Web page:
Children who have had breaks from their primary caregiver, unmitigated pain, abuse, neglect or in other ways have not had their needs met can often be impaired in their ability to develop healthy emotional attachments. This is currently called by many …
Tag: reactive attachment disorder
By: Marc Deprey
Perhaps our suffering is a wake up call that our investment in what we call reality—feelings, forms—is misplaced. We are more than just individual life, but life itself. I’m always struck with the limitations of language and the assumptions inherent within. Words relate to the experience of physical reality. Yet much of what words mean is metaphorical. You see a tree and call it such, but what is the reality of a plant that is connected to the ground and the air and sun for food? At an atomic level there is no “place” where the “tree” starts and the “not-tree” begins. Atoms are 99.9% space. What we see are merely vibrations that seem like dense forms.
By: Julie Beem
“You don’t want her labeled for life.” This sentence is usually spoken by your child’s grandparent (out of sheer concern for you and your family) or by a school official (who may be trying to block access to special education services). Either way, crossing the threshold into “labeling” your child is a difficult thing for many.
By: Gari Lister
Four years ago today — May 17, 2009 – my 17 year old daughter broke my heart and changed my life forever. She packed a bag, told her little sister not to tell us, and ran away from home with a boy she’d met a handful of times – a boy who murdered two people within a few months (literally). I didn’t realize what a pivotal moment it was right away; I thought it was just another episode in a series of Katya crises.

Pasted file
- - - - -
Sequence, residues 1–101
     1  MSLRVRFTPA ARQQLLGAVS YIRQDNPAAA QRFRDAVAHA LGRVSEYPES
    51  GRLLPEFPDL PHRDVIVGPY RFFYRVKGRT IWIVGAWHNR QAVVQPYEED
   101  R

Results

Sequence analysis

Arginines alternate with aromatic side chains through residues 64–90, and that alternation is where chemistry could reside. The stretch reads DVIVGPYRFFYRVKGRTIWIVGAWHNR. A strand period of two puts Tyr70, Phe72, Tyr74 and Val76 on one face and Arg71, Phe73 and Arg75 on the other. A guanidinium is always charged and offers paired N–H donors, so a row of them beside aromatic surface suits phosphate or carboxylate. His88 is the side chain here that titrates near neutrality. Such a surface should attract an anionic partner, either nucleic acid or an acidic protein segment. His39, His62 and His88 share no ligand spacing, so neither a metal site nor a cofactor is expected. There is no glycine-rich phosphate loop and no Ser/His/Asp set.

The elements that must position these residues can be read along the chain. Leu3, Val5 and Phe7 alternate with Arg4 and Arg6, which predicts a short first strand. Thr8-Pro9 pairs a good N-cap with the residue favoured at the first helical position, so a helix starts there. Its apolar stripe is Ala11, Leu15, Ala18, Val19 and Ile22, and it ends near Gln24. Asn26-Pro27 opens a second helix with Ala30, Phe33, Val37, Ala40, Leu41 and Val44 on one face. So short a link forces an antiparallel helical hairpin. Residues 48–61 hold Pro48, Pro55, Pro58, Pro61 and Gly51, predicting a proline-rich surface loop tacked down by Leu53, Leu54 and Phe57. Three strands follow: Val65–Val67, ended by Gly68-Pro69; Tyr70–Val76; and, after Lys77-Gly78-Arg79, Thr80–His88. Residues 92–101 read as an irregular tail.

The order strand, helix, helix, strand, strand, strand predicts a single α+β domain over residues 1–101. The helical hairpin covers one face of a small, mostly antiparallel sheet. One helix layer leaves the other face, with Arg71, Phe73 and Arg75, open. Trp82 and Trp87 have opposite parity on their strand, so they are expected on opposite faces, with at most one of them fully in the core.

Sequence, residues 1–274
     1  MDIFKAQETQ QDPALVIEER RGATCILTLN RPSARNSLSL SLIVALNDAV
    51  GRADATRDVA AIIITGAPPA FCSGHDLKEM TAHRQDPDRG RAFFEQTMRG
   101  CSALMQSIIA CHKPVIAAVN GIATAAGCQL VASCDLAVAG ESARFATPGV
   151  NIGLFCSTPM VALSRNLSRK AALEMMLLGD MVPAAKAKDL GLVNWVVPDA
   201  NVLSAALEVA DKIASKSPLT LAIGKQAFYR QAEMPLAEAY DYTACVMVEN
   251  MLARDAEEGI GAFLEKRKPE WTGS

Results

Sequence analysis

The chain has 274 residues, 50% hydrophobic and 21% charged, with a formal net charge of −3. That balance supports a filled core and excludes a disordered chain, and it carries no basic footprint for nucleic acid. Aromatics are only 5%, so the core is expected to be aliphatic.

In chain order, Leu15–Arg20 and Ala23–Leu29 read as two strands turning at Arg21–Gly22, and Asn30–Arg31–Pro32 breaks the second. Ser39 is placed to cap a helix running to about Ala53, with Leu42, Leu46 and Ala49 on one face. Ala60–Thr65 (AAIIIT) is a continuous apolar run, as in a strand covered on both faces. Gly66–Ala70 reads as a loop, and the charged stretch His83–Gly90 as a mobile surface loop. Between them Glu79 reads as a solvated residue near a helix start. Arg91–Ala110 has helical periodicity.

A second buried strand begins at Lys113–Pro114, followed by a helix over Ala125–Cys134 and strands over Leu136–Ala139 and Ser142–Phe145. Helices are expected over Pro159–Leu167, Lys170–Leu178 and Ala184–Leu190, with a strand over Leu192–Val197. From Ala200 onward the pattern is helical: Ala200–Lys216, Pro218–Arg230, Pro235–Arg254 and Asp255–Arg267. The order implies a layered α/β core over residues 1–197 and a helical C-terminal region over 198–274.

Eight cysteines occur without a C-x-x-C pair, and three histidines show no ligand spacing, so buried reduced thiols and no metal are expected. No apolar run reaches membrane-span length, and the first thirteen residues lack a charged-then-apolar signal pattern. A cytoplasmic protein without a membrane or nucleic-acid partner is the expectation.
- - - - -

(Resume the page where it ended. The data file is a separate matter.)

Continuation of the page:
By: Julie Beem
It’s nearly Mother’s Day. And thanks to retailers, schools, churches, we hear the message of “celebrating your mom” broadcasted from the rooftops. In a normal world, this would be a great thing. Motherhood is truly one of the highest callings. But what about children for whom their first relationship with a mother didn’t go well, didn’t last, produced trauma?
By: Kathleen Benckendorf
ATN is delighted to welcome Kathleen Benckendorf as a guest voice on Touching Trauma at its Heart. Kathleen, a parent member of ATN’s Board of Directors, is a relentless researcher and seeker of answers. An engineer by education and experience, Kathleen has also trained as a bodyworker and in as many other therapeutic approaches and interventions as she has been able to convince the providers to let her attend. Her website, www.attachmentandintegrationmethods.com , describes these approaches and others.
By: Julie Beem
The argument discussion rears its head every now and then, so I wasn’t surprised to see it come up again in an online group I belong to. Someone in the group took offense over others in the group referring to their children with Reactive Attachment Disorder (RAD) as “radishes” or “radlets”. Then others in the group took offense at being “shamed” because they were just referring casually to their children. And a war of words ensued.
ATN is delighted to welcome Carol Lozier as a guest voice on Touching Trauma at its Heart. Carol, a member of ATN’s Board of Directors, is a clinical social worker in private practice in Louisville, Kentucky. Her website, www.forever-families.com, offers a blog, free downloadable tools for families, an excerpt of her book, and a supportive community of adoptive and foster parents.
By Gari Lister
This morning I started off my day with a cascade of nastiness from my usually reasonably-fun-to-be-around fifth grader. “I’m not going to eat those pills. Are you serious? Is that what we’re having for breakfast? Well, of course, we’re going to be late because of her [the sweeter younger sister].” First, I spent a moment thanking my yoga teacher for helping me to understand equanimity.
By: Marc Deprey
This Sunday, my daughter was given a new regime of meds to address her increased oppositional and violent behavior. Unfortunately, the wrong drug was written on her prescription and between that drug and all the other changes made she went into a severe manic episode. Over two days she just got worse and worse. By Monday night she was seeing things that weren’t there, trying to jump out of her window, screaming, and trashing her room.